What is monosodium glutamate? Is it really bad? – 12.05.2022

Naturally glutamic acid-rich foods such as parmesan cheese, mushrooms, tomatoes, seafood, corn, peas, cabbage, spinach, meats, and fish sauces are capable of imparting a persistent flavor after ingestion. This taste is umami, scientifically recognized 22 years ago when specific receptors for glutamic acid were discovered in the taste buds.

According to nutritionist Vivian Lansky, professor of nutrition at UFPE (Federal University of Pernambuco), glutamic acid (also known as glutamate) is a non-essential amino acid found in some foods, being part of both the structure of proteins and in free form.

Glutamate is also naturally present in our body. “Its function is to act as an important neurotransmitter in the central nervous system, and when present in food, it imparts umami, one of the five basic tastes of the human palate,” says Lansky.

Monosodium glutamate, a type of salt produced commercially from the fermentation of sugar cane and other similar raw materials, is also obtained from glutamic acid. “The bacteria used in this process convert the sugar into glutamic acid, and when a sodium ion is added, monosodium glutamate is formed. It is used as a food additive in industrial products with a flavor enhancing function,” explains Lansky.

Monosodium glutamate, according to the nutritionist, has been classified as a safe supplement by the FDA (Food and Drug Administration) since 1958, the food regulatory agency in the United States, and since 1987 it has been approved by the WHO (World Health). organization) ) for use in food.

For this reason, it has been widely added to ultra-processed foods such as instant noodles, some sauces, snacks, ready-to-eat condiments, preserves, and sausages such as sausages, bologna, ham, and hamburgers. Glutamate is what makes these foods so delicious, according to Regina Stikan, a nutritionist at Santa Catarina Hospital.

Risks of Glutamate

As with any food, care must be taken not to overdo it. This is because more research is still needed on the effects of consuming indefinitely and in large amounts of glutamate. “The results regarding the daily amount allowed for consumption are still inconclusive, but it is known that excess in the long term can cause harm to health, such as headache, impaired memory, cognition, and arousal,” he says. Stickan.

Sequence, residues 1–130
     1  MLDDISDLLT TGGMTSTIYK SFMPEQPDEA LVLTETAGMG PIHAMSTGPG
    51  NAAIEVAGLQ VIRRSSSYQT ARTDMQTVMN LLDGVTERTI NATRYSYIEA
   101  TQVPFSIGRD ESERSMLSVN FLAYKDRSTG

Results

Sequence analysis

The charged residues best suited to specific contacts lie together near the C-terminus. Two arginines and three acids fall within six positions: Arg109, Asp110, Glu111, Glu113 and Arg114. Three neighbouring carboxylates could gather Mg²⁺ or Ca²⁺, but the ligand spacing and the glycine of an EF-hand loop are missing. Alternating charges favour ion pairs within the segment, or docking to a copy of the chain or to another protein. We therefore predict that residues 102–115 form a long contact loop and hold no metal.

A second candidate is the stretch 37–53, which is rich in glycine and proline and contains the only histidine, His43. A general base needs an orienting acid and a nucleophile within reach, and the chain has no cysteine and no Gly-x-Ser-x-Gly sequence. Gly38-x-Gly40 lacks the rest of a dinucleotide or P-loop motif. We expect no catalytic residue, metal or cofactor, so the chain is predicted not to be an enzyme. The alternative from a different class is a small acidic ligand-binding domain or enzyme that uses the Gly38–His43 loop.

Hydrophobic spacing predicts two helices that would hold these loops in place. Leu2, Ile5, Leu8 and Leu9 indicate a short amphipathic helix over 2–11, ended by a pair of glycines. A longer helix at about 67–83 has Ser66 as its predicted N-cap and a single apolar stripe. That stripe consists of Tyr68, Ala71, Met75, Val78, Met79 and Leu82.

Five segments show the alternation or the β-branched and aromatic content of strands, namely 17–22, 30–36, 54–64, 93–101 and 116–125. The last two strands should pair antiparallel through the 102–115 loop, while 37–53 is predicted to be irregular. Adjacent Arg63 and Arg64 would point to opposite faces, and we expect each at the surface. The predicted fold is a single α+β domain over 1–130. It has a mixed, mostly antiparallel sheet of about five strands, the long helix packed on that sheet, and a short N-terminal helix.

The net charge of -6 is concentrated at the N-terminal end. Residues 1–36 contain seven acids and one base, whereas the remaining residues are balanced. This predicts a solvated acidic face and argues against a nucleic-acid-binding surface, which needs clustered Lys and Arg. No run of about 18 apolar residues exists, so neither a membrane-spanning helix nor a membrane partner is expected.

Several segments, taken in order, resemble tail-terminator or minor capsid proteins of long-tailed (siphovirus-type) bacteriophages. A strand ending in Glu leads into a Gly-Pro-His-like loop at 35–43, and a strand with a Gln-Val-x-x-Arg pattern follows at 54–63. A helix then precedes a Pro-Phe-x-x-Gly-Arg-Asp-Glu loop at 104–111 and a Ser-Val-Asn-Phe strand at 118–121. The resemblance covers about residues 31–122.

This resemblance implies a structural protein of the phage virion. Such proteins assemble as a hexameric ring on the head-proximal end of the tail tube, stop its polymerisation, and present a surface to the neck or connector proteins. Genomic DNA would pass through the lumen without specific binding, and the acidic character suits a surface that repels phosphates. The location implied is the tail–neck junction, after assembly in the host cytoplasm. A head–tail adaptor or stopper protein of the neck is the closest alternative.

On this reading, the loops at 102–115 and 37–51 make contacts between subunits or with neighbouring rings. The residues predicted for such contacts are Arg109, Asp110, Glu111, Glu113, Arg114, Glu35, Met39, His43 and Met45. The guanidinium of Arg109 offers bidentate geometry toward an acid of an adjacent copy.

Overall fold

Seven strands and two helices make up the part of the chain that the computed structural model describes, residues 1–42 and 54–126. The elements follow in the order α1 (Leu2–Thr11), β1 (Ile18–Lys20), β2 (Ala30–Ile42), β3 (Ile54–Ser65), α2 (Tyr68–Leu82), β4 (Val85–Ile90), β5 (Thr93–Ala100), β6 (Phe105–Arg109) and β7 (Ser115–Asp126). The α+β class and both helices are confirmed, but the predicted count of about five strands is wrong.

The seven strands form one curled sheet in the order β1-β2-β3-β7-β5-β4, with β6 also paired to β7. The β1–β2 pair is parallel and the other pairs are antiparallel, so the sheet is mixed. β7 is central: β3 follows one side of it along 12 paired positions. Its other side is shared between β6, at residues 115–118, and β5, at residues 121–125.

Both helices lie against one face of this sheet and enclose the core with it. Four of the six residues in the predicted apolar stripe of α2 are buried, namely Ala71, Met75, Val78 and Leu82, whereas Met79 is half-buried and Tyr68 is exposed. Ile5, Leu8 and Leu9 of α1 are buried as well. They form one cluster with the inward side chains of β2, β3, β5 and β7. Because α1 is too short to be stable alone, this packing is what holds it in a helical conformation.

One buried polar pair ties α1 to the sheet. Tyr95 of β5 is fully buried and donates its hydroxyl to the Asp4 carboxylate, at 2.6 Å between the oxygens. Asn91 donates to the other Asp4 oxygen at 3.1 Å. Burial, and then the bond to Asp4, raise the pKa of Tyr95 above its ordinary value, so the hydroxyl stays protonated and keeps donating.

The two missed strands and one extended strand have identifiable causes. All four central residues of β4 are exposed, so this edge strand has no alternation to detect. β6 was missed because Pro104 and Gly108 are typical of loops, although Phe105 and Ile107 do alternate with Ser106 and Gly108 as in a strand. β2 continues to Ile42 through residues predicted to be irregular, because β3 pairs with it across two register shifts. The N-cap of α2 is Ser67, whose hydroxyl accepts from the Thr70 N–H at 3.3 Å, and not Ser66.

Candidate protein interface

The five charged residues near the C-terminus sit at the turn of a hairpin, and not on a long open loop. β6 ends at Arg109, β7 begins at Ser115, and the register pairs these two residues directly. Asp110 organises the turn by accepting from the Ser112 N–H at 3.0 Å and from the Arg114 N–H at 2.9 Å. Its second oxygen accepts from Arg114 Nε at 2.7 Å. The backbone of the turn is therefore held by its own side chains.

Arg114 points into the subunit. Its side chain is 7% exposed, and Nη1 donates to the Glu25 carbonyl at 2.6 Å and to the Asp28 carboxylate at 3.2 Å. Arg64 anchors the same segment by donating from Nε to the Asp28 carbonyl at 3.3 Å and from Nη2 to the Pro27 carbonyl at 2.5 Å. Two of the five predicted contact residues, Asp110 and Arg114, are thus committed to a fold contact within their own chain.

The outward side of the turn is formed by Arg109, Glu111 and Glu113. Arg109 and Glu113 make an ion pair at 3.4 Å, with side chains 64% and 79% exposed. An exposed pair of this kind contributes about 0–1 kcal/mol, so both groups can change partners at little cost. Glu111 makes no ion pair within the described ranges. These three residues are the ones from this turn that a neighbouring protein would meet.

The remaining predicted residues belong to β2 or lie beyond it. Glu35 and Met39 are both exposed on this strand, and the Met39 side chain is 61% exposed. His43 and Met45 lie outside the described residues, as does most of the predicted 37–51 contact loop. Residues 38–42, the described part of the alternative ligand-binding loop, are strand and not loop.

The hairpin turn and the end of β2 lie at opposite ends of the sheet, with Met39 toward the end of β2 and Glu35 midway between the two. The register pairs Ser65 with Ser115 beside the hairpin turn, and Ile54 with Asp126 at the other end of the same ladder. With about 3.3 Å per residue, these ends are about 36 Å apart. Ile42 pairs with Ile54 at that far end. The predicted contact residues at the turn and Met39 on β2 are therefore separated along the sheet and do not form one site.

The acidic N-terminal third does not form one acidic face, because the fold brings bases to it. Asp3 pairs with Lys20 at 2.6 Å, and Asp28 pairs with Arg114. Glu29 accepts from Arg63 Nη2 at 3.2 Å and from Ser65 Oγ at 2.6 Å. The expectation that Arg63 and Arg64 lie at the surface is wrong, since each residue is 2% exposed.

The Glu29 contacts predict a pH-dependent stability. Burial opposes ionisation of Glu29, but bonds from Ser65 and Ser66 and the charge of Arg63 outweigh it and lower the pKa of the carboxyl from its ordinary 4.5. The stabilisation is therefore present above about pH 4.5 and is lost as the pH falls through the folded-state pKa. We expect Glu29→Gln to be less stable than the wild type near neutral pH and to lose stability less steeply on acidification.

Also, according to the nutritionist, the consumption of glutamate should be avoided when a person, for example, is under stress, since the substance can deregulate the body as a whole. “A person suffering from stress has heart problems, natural arousal and lack of concentration. And when over-processed glutamate is ingested, it ends up amplifying the negative effects.”

Monosodium glutamate is present in soy sauce, snack foods, canned foods, processed meats (sausage, bacon, sausage, ham), ready-to-eat sauces.

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Dietitian Ana Luisa Vilela, specialist in obesity, gastroenterology and nutrition at Beneficência Portuguesa Hospital, says these symptoms occur because industrial versions and high continuous doses can cause glutamate to behave like a neurotransmitter. “Therefore, despite being released by the regulatory authorities, we should limit the consumption of the supplement whenever possible,” he says.

In addition, glutamate consumption does not occur in isolation, as it is present in most industrial products (it is also found in canned and ready-to-eat foods), according to a nutritionist from SBAN (Brazilian Society of Food and Nutrition). ) explains Rosana Farah. “Because these foods contain large amounts of sodium and dyes, preservatives, flavors and other substances that are very unhealthy, they should be avoided. Yes it is”.

Vilela also explains that there are studies that try to link glutamate to obesity, but nothing definitive yet. “In Brazil, there is no data on daily consumption by Brazilians, however in the United States it is estimated that Americans consume 13 grams from protein intake and half a gram of processed foods,” he says.

Monosodium glutamate may help reduce sodium use

Because umami is associated with increased salivation, one of the benefits of glutamate, according to Lansky, is that it can aid digestion and improve food taste. “As a condiment, it can still reduce sodium intake in cooking by replacing some of the salt, as it contains a third less sodium,” he notes.

This means that in a recipe that calls for, for example, three parts salt, a substitution can be made using two parts salt and one part monosodium glutamate, which reduces the total sodium content. “Attention should be given to the consumption of industrially produced foods, which are an important source of glutamate in the diet, but contain other unhealthy ingredients such as excess sodium, sugar and fat, such as snacks, prepared sauces (tomato, lettuce, English, soy sauce) , concentrated broths, semi-finished meat products, ”says the teacher.

According to Lansky, there is no recommendation to avoid using glutamate as a seasoning, but in cooking, the use of spices can be even more beneficial and beneficial. “Turmeric, oregano, parsley, thyme, cumin, and cinnamon, for example, add flavor and also confer other health-important properties such as antioxidant and antimicrobial activity.”

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